Greenhouse growers are ineligible for the higher rates of energy bill support for ‘vulnerable’ business sectors in the new energy bill discount scheme announced by the government in January. Instead they will receive only the standard energy price discounts that will apply to most other businesses.
The NFU says it will be lobbying the government to apply the higher rates to protected cropping.
The scheme will run for 12 months from April this year and takes over from the current energy bill relief mechanism which ends in March. It will apply a per-unit discount on the wholesale energy price on a business’s gas and electricity bills, rather than capping energy prices as the current scheme does.
The maximum standard discount for electricity will be £19.61/MWh, phased in once the wholesale price in a business’s contract rises above £302/MWh. For gas, the discount will be phased in above a wholesale contract price threshold of £107/MWh (314p/therm) with the maximum set at £6.97/MWh (20p/therm). The discount is calculated as the difference between the wholesale price in the energy contract and the price threshold.
As with the current scheme, the discount applies only to the wholesale energy cost component of a grower’s bill and excludes grid or supply costs and ‘green’ taxes.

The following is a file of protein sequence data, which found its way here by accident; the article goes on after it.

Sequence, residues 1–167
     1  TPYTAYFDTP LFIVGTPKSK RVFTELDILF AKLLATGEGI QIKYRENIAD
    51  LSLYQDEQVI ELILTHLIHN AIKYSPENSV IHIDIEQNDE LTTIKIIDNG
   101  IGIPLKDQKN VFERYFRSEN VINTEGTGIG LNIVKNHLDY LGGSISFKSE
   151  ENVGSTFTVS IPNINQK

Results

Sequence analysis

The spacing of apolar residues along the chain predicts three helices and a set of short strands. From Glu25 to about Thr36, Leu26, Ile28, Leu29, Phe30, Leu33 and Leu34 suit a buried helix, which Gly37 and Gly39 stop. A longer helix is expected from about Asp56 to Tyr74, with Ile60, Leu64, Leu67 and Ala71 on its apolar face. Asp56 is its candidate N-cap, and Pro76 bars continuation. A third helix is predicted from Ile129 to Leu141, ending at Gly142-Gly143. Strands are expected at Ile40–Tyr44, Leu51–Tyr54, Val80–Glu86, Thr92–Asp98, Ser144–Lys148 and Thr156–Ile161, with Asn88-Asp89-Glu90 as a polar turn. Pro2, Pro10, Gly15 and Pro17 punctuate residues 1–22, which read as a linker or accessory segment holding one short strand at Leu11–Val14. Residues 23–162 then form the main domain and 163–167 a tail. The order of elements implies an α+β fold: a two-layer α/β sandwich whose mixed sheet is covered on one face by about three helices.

Had the protected crops sector been recognised as particularly vulnerable to high energy costs, the discounts would have been £89/MWh with a price threshold of £185/MWh for electricity, and £40/MWh with a price threshold of £99/MWh for gas. To qualify for these rates, a business sector has to be in the top 20% of sectors by energy use, and the top 40% by a measure of ‘trade intensity’ that reflects how likely a sector is to be undercut by international competition.
NFU Energy director Jon Swain said the overall level of support was “disappointing and a token gesture at best”, but the gas price discounts would be of some help for greenhouse heating.
NFU president Minette Batters said: “The omission of horticulture [from the higher rate band] is particularly regrettable, with energy prices already threatening next year’s crop of tomatoes, cucumbers and aubergines, and seems at odds with the government’s ambition to grow more fruit and vegetables as set out in the national food strategy.”
Tim Pratt, who runs the horticultural consultancy Now Then Energy, said the amount of support on offer is ‘a fraction’ of that available to growers under the current scheme. He predicts the new mechanism is unlikely to pay out in many cases.
“For example, at the time the scheme was announced, on January 9, wholesale electricity prices for winter 2023 of 22p/kWh for baseload and 30p/kWh peak suggest no discount will be payable for new fixed price contracts,” he said. “And wholesale gas prices for winter 2023 were trading at 210p/therm.”
Mr Swain said much would depend on what happens next in the Ukraine conflict. “It wouldn’t take much for prices to spike again so we do at least have some insurance against that,” he said. “But the government is sending the message that while it will support business if something goes badly wrong, in the longer term higher energy costs are going to have to be part of business decisions.”